I think this is what the Bible may mean in 1 John 2:27 where we are told that since the Holy Spirit abides in us we have no need for anyone to teach us because the Holy Spirit teaches us about all things.  Well, Christians have always struggled with this verse because it seems to contradict other parts of the Bible that actually tells us God has given us teachers to help us grow in our faith.  Well, it very well may be that what John is referring to is the Holy Spirit being in us—abiding within us—so as to be teaching and confirming to our conscience that the teaching we are receiving is either right or wrong.
You see, the Bible informs our conscience of the truth and the Spirit then illuminates our minds to see the truth and then He enables our conscience to welcome and embrace that truth so that it transforms us from the inside out; and then we begin to develop godly and biblical deep-seated convictions that can guide and direct us.  So, every believer should  have as a goal—the spiritual and biblical training of his or her conscience through continual and consistent exposure to the Bible’s teaching.

Thus, being under the preaching of the Word of God, attending church, and studying your Bible is not a bunch of legalistic stuff you have to do to become acceptable to God.  It’s the stuff you do so as to live and operate at the highest level possible as a believer wanting to enjoy your relationship with the Lord and have a positive impact on others to do the same.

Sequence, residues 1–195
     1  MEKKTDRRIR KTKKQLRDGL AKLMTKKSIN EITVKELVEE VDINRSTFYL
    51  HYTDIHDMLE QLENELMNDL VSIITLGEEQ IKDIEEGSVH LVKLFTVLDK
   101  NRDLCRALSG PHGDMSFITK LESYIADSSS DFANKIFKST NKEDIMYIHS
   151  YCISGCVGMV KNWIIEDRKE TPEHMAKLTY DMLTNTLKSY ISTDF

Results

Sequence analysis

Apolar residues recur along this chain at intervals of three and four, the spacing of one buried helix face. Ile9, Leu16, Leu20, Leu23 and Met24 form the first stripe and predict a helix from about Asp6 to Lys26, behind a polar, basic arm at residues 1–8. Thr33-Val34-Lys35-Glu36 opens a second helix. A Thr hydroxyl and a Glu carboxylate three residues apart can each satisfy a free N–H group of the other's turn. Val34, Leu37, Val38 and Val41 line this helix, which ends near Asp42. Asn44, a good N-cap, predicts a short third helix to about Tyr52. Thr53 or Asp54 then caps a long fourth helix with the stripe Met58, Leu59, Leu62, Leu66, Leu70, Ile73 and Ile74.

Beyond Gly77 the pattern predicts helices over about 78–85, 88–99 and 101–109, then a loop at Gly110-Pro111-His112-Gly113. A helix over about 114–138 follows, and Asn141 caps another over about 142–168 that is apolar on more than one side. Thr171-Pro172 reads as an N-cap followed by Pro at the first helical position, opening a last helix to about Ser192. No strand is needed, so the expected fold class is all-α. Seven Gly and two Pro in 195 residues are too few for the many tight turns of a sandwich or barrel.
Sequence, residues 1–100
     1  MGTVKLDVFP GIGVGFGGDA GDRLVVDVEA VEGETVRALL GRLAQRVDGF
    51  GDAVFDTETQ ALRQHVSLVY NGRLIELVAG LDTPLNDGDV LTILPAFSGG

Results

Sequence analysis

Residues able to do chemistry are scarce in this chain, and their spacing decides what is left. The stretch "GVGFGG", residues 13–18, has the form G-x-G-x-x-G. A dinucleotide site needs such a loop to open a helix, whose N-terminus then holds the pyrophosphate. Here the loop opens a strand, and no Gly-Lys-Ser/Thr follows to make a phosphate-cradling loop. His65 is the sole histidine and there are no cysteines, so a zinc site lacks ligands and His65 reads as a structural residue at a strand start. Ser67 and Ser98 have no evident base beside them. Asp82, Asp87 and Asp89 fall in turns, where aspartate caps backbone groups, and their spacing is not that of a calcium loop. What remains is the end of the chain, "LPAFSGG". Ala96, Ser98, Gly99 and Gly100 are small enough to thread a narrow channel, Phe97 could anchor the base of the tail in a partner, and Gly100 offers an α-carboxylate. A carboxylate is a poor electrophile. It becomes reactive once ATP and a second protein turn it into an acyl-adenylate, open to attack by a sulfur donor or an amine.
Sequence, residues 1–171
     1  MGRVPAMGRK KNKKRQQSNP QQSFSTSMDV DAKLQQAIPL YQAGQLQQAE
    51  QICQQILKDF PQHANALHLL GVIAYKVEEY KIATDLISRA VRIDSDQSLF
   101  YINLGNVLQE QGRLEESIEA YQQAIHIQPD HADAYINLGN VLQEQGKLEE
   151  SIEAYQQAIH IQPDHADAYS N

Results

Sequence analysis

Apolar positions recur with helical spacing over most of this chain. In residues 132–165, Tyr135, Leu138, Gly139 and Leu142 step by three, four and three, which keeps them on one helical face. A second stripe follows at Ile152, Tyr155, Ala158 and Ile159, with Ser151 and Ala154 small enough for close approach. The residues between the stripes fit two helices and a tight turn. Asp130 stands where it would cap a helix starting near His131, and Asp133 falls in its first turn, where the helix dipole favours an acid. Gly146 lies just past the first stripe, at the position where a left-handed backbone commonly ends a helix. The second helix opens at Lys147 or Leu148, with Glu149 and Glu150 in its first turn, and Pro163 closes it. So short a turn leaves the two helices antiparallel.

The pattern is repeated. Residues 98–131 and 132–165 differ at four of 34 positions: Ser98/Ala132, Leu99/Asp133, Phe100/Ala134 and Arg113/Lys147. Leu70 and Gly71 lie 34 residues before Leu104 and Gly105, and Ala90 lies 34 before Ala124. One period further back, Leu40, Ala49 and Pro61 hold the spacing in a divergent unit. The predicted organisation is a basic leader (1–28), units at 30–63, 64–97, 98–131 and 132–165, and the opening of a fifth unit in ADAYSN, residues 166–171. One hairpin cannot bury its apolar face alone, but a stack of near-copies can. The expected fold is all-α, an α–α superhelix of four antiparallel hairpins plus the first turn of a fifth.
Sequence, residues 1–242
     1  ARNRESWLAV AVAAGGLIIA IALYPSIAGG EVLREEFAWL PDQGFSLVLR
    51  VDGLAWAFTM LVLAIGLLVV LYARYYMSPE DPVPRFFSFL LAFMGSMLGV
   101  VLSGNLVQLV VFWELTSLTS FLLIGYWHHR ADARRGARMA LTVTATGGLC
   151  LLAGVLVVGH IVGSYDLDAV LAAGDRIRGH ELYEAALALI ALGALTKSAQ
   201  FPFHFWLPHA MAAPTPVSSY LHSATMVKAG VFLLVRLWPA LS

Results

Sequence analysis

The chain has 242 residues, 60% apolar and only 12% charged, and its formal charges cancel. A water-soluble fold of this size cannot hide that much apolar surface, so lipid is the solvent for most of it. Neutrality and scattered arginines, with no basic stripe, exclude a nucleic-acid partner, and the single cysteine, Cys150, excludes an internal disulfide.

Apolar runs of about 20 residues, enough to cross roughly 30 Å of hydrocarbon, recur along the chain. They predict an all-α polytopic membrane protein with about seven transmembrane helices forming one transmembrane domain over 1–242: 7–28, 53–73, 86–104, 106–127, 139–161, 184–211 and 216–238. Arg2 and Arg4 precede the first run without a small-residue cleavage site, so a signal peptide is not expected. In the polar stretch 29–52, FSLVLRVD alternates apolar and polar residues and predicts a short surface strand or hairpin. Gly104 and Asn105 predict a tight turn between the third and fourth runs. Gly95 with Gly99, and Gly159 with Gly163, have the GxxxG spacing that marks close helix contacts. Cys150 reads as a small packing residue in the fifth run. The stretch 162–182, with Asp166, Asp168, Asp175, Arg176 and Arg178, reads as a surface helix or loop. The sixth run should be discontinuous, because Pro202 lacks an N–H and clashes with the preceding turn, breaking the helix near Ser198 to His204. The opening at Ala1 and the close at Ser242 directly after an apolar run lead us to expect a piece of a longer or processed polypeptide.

So again, our conscience, upon our being born again to new life in Christ, needs to be reprogramed if it is to function as a spiritual early warning system and guide to our souls.  If it is not reprogrammed it will not be of much help or use to us as believers who no longer exist as people living under the reign of sin but rather who now live under the reign of grace (Rom. 5-6).

A conscience that has not been reprogrammed properly and biblically after a person has come to saving faith in Christ will either be fixated on trying to lead the soul to earn its continued acceptance with God or lead the believer to feeling that since he is accepted by God he can live anyway he pleases.  In other words, the conscience of a new believer has to be reprogrammed and trained in “grace” by the Holy Spirit using the Gospel.  So, if you want to have a conscience that is Gospel-centered which allows you to enjoy your faith, your forgiveness of sins, your reconciliation with God, and your full and complete acceptance with God—you need to train it with the Gospel.